Recent Blog Articles
Harvard Health Ad Watch: A new injection treatment for eczema
3 simple swaps for better heart health
I’m too young to have Alzheimer’s disease or dementia, right?
Asking about guns in houses where your child plays
Behavioral weight loss interventions: Do they work in primary care?
Who needs treatment for ocular hypertension?
The popularity of microdosing of psychedelics: What does the science say?
AFM: A scary polio-like illness
When can women with early-stage breast cancer skip radiation after lumpectomy?
Palliative care frightens some people: Here’s how it helps
If exercise feels like work, make it more like a game
Friendly competition and other aspects of "gamification" may help people become more active.
If you're one of those people who meet their goal of 10,000 steps on most days, good for you. If you're not — and if exercising feels like a chore — maybe you just need to get your game on.
People who turned their step counts into a competition boosted their daily walking distance by almost a mile, according to a new study. The six-month-long study included 94 families who tracked their daily step counts with a wearable device or a smartphone. Half were randomly chosen for the "gamification" arm of the study, which was designed to encourage collaboration, accountability, and team spirit. These families received small prizes tied to achieving daily and weekly step goals. Just over half of the participants were women, and their average age was 55.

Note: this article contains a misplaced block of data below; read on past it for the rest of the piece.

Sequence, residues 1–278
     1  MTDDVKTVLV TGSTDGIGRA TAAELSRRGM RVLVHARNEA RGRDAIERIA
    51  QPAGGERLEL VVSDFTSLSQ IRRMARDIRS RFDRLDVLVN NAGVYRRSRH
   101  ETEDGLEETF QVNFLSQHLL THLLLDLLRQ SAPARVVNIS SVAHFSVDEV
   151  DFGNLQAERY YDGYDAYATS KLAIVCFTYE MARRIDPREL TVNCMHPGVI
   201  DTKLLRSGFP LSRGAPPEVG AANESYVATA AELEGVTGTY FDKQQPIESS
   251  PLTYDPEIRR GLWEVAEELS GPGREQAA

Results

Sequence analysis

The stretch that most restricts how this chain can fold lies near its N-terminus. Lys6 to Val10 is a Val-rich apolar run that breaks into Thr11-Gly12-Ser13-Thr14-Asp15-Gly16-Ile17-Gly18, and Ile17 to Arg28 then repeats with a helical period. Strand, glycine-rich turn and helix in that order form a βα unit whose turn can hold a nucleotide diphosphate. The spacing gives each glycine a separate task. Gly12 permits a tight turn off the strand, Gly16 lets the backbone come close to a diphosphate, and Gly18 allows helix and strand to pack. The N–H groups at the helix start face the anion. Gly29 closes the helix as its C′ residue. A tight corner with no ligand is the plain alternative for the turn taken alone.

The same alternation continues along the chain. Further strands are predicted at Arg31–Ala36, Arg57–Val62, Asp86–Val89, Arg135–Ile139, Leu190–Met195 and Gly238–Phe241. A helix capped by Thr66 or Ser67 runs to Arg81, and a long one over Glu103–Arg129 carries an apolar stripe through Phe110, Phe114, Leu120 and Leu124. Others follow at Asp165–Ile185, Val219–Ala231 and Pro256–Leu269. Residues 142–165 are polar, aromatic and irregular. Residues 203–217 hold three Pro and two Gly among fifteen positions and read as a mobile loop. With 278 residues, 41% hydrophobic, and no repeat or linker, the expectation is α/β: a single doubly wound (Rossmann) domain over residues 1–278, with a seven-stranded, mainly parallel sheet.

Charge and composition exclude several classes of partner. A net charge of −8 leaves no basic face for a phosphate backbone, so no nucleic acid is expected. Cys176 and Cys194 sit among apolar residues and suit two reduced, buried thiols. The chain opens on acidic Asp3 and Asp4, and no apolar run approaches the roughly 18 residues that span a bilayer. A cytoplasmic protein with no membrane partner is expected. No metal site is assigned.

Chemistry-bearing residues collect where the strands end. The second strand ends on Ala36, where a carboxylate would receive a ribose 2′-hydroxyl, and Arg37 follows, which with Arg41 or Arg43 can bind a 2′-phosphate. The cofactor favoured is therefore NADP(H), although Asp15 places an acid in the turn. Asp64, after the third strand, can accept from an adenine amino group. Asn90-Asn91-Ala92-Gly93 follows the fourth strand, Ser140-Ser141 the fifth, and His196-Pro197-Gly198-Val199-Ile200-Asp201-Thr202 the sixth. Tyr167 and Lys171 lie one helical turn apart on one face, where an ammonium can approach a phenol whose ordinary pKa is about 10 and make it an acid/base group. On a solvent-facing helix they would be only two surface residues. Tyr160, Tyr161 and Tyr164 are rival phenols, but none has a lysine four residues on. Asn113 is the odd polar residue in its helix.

To continue reading this article, you must log in.
Subscribe to Harvard Health Online for immediate access to health news and information from Harvard Medical School.
- Research health conditions
- Check your symptoms
- Prepare for a doctor's visit or test
- Find the best treatments and procedures for you
- Explore options for better nutrition and exercise
I'd like to receive access to Harvard Health Online for only $4.99 a month.Sign Me Up
Already a member? Login ».
As a service to our readers, Harvard Health Publishing provides access to our library of archived content. Please note the date of last review or update on all articles.
No content on this site, regardless of date, should ever be used as a substitute for direct medical advice from your doctor or other qualified clinician.
Free Healthbeat Signup
Get the latest in health news delivered to your inbox!